speed50_5
Approaching the 25th kilometer U-turn. Photo Credit: albertthebackpacker.com
speed50_6
Charged and ready to run the next 25 kilometers. Photo Credit: albertthebackpacker.com

The next route is the road going to Nasugbu. This part I disliked the most, the route was very dark, with almost a kilometer of total darkness (because of the lack of street lights). Some parts of the road have street lights or light sources from houses and establishments, but after a kilometer or less, we are running in the dark again. And the worst part, there are no marshals on bicycles or police roaming this part of the route, we’re on our own here (kinda scary because there are some people walking in the dark, you can see faint white shirts or white parts of clothing, and you don’t know if they’re shady characters or something else). It’s hard to know exactly where we are, the last 2 kilometers towards the last U-turn was uphell, and I’m just glad to see the aid station and finally rest.

img_20161204_040128-0101
This is one of the best aid station. It has soda, chips, bananas, and gatorade.

After a very long rest I started running again to finally finish the race. I stopped again at the last aid station, where hot sopas is served as well as sodas and gatorade. This was commended by runners for the tasty sopas (I wasn’t able to taste it though). By this time, my GPS watch battery hit low and it stopped recording my run. I just keep going and speed up a bit at the last 3 kilometers. Some of the runners ahead of me almost missed the turn, but I signaled them. I was about to make a downhill sprint, but midway I felt a slight pinching cramp, so I just kept moving at jogging speed.

speed50_7
Posing before crossing the finish line (which is not visible, they just said I finished). Photo Credit: albertthebackpacker.com

Then, I finally crossed the finish line. It’s official! I’m an Ultramarathoner now. The first in the family. It feel great to unlock that achievement. I never felt hurt or injured. Tired and exhausted, yes. But, I can still walk and enjoying my moment. I was given a model and been told get a trophy (placed on the ground). I took my time to get the best looking one (to make sure I get the one without defects). I rested and had a moment of reflection because it has been a great year for me. Then I got up, ask the photographer for one last photo before I leave. It feels good to have reached this level in running. I just love reminiscing the journey and looking at how far I’ve come.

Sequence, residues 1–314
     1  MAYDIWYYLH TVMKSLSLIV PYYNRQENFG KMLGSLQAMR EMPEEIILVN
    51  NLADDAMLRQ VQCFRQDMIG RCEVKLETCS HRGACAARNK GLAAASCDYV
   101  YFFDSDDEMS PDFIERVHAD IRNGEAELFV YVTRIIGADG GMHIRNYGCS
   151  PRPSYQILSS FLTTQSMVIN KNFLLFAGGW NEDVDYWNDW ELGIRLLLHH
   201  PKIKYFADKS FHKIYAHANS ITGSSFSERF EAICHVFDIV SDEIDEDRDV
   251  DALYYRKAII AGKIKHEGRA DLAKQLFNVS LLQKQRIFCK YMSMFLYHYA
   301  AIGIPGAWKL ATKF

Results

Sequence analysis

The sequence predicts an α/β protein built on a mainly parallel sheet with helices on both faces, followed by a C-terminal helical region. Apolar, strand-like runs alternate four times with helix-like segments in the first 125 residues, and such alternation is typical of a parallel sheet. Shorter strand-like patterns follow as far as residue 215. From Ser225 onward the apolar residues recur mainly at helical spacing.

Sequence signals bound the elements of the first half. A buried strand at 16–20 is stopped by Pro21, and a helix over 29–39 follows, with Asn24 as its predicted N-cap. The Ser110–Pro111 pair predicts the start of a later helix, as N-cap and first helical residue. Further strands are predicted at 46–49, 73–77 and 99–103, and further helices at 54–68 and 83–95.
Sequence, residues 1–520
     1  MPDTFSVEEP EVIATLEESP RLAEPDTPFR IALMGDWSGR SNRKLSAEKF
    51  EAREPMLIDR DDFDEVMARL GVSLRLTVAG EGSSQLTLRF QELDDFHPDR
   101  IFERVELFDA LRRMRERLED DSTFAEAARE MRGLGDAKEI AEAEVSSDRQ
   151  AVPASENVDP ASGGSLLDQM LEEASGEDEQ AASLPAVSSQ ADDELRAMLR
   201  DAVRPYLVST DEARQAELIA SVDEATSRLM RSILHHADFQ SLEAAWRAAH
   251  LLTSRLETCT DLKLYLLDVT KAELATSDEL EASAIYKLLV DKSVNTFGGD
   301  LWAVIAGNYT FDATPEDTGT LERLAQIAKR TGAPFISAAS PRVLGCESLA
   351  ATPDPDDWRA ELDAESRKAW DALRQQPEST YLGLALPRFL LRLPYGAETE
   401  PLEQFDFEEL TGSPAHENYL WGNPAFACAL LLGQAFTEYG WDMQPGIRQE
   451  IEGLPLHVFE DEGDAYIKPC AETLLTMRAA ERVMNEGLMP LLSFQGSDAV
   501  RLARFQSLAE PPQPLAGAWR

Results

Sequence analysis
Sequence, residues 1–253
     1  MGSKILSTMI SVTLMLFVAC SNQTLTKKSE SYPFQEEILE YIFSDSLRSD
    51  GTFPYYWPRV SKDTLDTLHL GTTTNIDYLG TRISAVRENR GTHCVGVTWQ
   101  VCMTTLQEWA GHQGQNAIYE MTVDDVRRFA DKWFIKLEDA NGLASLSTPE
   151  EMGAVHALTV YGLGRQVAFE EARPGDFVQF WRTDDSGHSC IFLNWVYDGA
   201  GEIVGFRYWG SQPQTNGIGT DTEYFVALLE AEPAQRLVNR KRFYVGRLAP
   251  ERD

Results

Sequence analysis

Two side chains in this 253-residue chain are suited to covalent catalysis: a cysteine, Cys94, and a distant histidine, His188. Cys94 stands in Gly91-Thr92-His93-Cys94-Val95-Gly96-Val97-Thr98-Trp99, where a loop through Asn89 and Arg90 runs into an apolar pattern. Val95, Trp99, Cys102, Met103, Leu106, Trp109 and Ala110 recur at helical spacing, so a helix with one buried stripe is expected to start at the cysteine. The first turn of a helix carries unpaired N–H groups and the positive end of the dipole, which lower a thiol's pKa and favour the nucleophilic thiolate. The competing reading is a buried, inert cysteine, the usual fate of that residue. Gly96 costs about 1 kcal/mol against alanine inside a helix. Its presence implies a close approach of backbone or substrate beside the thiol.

speed50_8
One last photo wearing my medal and holding my trophy before I leave. Photo credit: albertthebackpacker.com
img_20161204_061725-0101
Close up photo of the trophy, medal, and my bib number inside the car. I love the “itak” design.
fb_img_1481116757908
My official time is 06 hours, 31 minutes, 20 seconds. Rank number 20 out of 66 in the 30-39 age group. Not bad for a first time and considering the numerous uphills of Tagaytay and the dark areas of the road.

As for my opinion about the event and the organizer, all I can say is that it was very disappointing. The race director and staff arrived late, so the race started late. There are very few marshals on the road and none of them are present in the 2nd part of the route (going to Nasugbu). The presence of the marshals is very important especially in the dark areas of the route (in addition, when I was driving home, there was an accident involving a car and a jeepney, seeing the car seem to have spun out of control, I’m just glad none of the participants got involved or got hurt). From what I’ve heard some of the finishers didn’t get a trophy and got a 25k shirt because they ran out of 50k finisher shirts. These are all unacceptable, the runners paid for this (on time), so there shouldn’t be any issues regarding the lack of trophies and finisher shirts. I have experience setbacks like this in other running events before, it’s nothing new to me, but it should’ve been avoided considering that the organizer, Miles Multisport is an experienced organizer and the event carries the Altra brand name. With that said, I’m not sure if I will join another event from this organizer, but I will observe their next events to see if they have improved.

I’ll close this article with some runner comments/complaints based on their experience as well as the organizer’s narrative/explanation.

fb_img_1483179130829

crtc_speed50

crtc2_spd50

crtc22_spd50

And finally, for the organizer’s narrative/explanation, you can read it here: Speed 50 Narrative

Advertisements

Leave a Reply

Fill in your details below or click an icon to log in:

WordPress.com Logo

You are commenting using your WordPress.com account. Log Out / Change )

Twitter picture

You are commenting using your Twitter account. Log Out / Change )

Facebook photo

You are commenting using your Facebook account. Log Out / Change )

Google+ photo

You are commenting using your Google+ account. Log Out / Change )

Connecting to %s